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‘Blade Runner 2049’ Is More Replicant Than Human

In many ways, the genetically-engineered replicants of the Blade Runner universe are better than the humans they are meant to emulate. Smarter, stronger, and as pretty as Ryan Gosling, they lack much of the degenerative qualities that result from messy acts of procreation. Yet underneath the slick exteriors, the facades meant to help them blend in with the ones from whose heads they have sprung, there can be detected a sense of the manufactured — a void of soul. Life is more than existence; born from inspiration, it has crawled out of the nothingness and fought its way into being. Blade Runner 2049 does its best to outwardly act and feel like a piece of soaring science fiction full of living notions — and is so convincingly sincere that it nearly pulls it off — but though visually and aurally stunning in its superb craftsmanship, a feeling of emptiness permeates the rich falling snow and thick orange fog that eventually makes the film’s artificial origins clear.

Taking place 30 years after the 1982 original film, Blade Runner 2049 follows K, a new-and-improved model of replicant that supposedly is less likely to revolt. He works as a blade runner for the LAPD, tracking down some older models that went rogue long ago. When one of his missions results in a discovery that could upend mankind’s perception of their own superiority and dominance, K is tasked by his boss to track down any evidence, inanimate or otherwise, and effectively torch it.

Over the years the cold mythology surrounding the original cinematic story has perhaps overshadowed the brilliant cosmic questions it attempts to raise as it reaches for the stars, feeling its way through the universe for answers as to what it means to be alive, to be human. The is-he-or-isn’t-he discussion of Harrison Ford’s noir-ish detective is (or was) a fun distraction that can enhance how the themes are perceived, but its actual significance to the film is merely surface, of little importance. Yet 2049 seems to have forsaken what many believe really made Blade Runner so seminal, instead doubling down on those guessing games, believing that complicated plotting is the real draw of science fiction.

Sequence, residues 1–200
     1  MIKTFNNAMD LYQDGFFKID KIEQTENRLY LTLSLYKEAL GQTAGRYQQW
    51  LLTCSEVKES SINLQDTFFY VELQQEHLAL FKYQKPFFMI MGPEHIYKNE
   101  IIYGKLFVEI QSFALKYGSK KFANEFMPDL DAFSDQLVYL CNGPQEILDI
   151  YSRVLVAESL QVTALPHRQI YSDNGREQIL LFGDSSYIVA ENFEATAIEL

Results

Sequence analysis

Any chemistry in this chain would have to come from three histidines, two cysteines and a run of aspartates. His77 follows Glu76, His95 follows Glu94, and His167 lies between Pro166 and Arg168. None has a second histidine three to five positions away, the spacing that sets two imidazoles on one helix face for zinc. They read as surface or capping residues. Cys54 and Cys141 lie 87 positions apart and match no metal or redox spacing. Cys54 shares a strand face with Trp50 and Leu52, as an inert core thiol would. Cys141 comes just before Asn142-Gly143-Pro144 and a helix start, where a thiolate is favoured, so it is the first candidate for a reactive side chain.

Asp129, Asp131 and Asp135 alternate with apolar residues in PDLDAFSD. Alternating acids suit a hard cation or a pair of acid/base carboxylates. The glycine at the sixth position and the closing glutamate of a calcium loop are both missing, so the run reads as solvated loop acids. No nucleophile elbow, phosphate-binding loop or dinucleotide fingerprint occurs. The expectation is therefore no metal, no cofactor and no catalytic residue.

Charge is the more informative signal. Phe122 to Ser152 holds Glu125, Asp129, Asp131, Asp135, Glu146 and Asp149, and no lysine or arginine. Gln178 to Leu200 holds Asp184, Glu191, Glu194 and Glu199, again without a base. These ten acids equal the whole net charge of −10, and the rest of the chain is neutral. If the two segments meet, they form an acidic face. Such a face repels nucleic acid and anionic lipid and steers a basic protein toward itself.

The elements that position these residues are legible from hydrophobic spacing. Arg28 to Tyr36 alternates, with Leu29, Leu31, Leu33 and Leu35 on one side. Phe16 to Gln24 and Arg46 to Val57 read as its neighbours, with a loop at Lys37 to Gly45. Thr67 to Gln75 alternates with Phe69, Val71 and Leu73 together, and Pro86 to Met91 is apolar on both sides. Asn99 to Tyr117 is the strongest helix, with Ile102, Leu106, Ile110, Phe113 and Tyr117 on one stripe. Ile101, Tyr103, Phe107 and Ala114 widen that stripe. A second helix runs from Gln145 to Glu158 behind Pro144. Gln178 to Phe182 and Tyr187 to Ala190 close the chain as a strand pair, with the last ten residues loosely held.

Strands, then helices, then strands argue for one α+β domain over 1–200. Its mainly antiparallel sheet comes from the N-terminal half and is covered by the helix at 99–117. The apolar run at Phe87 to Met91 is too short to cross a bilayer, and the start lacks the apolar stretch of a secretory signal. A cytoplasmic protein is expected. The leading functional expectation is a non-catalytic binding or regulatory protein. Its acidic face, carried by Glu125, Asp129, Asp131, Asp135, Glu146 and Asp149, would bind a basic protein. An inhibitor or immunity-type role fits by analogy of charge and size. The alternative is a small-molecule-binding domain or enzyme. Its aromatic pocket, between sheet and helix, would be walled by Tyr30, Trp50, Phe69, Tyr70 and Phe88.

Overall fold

This simple premise is evocative of the straightforward bounty assignment given to Rick Deckard those many years ago, but whereas that story maintained its basic structure as a frame around which to drape layer upon layer of philosophical trappings, Blade Runner 2049 gets lost in the twists and turns, more concerned with doling out tidbits of exposition and intrigue than exploring underlying meaning. Things may not be as they seem, people/non-people might have hidden pasts, and short lines of dialogue are spoken in ways as to reveal as little as possible as if a big reward is somehow coming at the end of the outline’s alphabet. Yes, there are bones thrown to the whole ‘what is real’ debate, and even some replicant love scenes (they’re just like us!), but it’s all half-hearted lip service that essentially mimics better scenes from other films. No, it’s the expanded lore that matters most here, and with so much time spent on teasing clues, the mystery loses ultimately significance and falls flat.

Mesmerizing design may have something to do with the disappointment though, as director Denis Villeneuve has concocted an awesome vision that aesthetically rivals its predecessor, giving off the impression that audiences should pay closer attention than they really need to. That Blade Runner 2049 at times feels like it has something important to say can almost solely be attributed to visual compositions that flat-out dazzle, portraying barren farmlands, a snowy metropolis, and the remnants of a desert civilization with the kind of wonder and reverence that implies Big Things are happening in this universe. They aren’t, but damn if I didn’t want to believe. Those hoping for the lived-in, murky grit of Ridley Scott’s neo-Los Angeles might be a tad let down by the arid sterility of this new version, its silky-smooth imagery slickly alluring instead of smoky and depressing, but the skin-deep beauty fits perfectly for a modern skin-job trying its best to simulate a more organic creation — and doing a hell of a good job.